Doctor insights on:
Im 12w pregnant now & my recent rubella result:
igg +ve 27
igm equivocal 1.15
i never had any rash / fever during my pregnancy. Is my baby safe?
Probably: Early in pregnancy babies will generally miscarry or be fine. Not all babies will have congenital rubella and the fact you didn't get sick and have good igg if a good sign; the igm is likely a "red herring", it isn't part of the usual screening anyway, just the igg; good luck, it should be fine. ...Read more
2 yrs daughter got fever, rash from 3wks, now rubella igg=120 igm=0.33, she had vaccination 6m earlier
i'm pregnant 4wks and igg=18.2 igm=0.96
am i infected?
Two: A diffuse macularpapular discrete rash covering the trunk and spreading centripetally to extremities, usually lasting 3-5 days. There is a second rash that occurs 20% of the time inside the oral cavity called an enanthem. This is forchheimer sign. Also, lymph nodes are swollen behind ears. ...Read moreSee 2 more doctor answers
Rash is fever free: A common everyday rash is not accompanied by fever, whereas german measle rash and fever appear simultaneously. ...Read more
Should I take my child to the doctor if I suspect German measles? He is 18months old. Fever only lasted one night and rash started yesterday.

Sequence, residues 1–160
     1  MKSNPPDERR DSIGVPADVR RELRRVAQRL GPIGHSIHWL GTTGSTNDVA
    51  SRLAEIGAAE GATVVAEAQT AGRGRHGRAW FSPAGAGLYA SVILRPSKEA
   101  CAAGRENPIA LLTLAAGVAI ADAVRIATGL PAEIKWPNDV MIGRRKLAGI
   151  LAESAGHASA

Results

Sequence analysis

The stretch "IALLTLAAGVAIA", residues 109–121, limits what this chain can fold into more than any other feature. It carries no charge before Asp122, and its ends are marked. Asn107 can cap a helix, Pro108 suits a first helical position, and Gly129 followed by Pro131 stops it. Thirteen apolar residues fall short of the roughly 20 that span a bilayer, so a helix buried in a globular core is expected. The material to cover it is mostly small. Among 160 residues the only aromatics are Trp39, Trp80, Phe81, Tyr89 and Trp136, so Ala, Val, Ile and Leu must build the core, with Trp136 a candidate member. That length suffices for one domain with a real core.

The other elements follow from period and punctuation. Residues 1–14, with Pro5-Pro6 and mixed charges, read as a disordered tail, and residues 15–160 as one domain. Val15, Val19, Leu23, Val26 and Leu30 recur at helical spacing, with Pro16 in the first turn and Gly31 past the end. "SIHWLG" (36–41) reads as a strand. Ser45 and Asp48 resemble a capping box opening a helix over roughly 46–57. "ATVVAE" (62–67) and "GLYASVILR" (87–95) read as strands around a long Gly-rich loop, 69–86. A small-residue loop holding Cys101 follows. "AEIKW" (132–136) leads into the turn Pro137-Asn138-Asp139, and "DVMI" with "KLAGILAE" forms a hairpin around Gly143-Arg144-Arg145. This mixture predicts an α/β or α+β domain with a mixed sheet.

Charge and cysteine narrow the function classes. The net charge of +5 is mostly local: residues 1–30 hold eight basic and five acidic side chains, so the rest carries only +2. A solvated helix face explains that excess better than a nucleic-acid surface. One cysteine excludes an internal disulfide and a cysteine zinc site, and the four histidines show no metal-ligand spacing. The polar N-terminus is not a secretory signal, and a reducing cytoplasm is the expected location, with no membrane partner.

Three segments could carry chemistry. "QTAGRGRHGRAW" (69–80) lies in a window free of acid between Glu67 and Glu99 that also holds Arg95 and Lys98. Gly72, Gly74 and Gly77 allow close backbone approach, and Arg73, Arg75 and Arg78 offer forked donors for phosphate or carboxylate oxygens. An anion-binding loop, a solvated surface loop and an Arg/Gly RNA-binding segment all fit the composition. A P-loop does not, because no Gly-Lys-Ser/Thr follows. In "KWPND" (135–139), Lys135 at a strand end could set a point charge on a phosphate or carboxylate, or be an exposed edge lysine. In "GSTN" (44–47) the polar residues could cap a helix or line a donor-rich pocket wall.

Almost never: However, it is several days of misery, and if you are pregnant, it is likely that your unborn child will end up blind and/or deaf and/or seriously deformed and/or mentally handicapped. Before immunization, when one girl in a community came down with "german measles", all the other girls would be invited to a slumber party with her in hopes they'd catch it and thus be immune. ...Read moreSee 1 more doctor answer
Not necessarily: Was the test negative before you were pregnant? ...Read more
First description: Rubella is a viral illness that was first described by german physicians in the middle of the 18th century. It became known as german measles because of where it was first described, and because the rash it produces is similar in appearance to the rash of measles or rubeola. ...Read moreSee 2 more doctor answers
Hard to predict: The only reason to do it again would be if you were considering another pregnancy.The earlier vaccine may not produce a high enough antibody titer for them to consider you protected, but you might be anyway.Rubella is a relatively minor illness to children & adults.However it but can trigger abortion,deafness, blindness & organ failure in a fetus.Your risk of exposure to wild rubella is minimal. ...Read moreSee 1 more doctor answer
You are immune: Once a person is immunized or had the disease, the titer (test) stays positive for life. You might be able to determine how soon before the test was done, depending upon the type of antibody test that was done. Igm usually is the marker for a recent infection. If you have a + test and had no recent symptoms (rash, fever) then i would be happy you are immune! ...Read more
You R protected: A positive rubella titer means your body has developed a protective level of antibodies to the rubella virus. You either had rubella or had an immunization.To a woman it means you will not need to worry during pregnancy that your fetus will suffer the devastating effects of rubella. That virus can cause miscarriage, organ damage, blindness & deafness if it strikes during pregnancy. ...Read more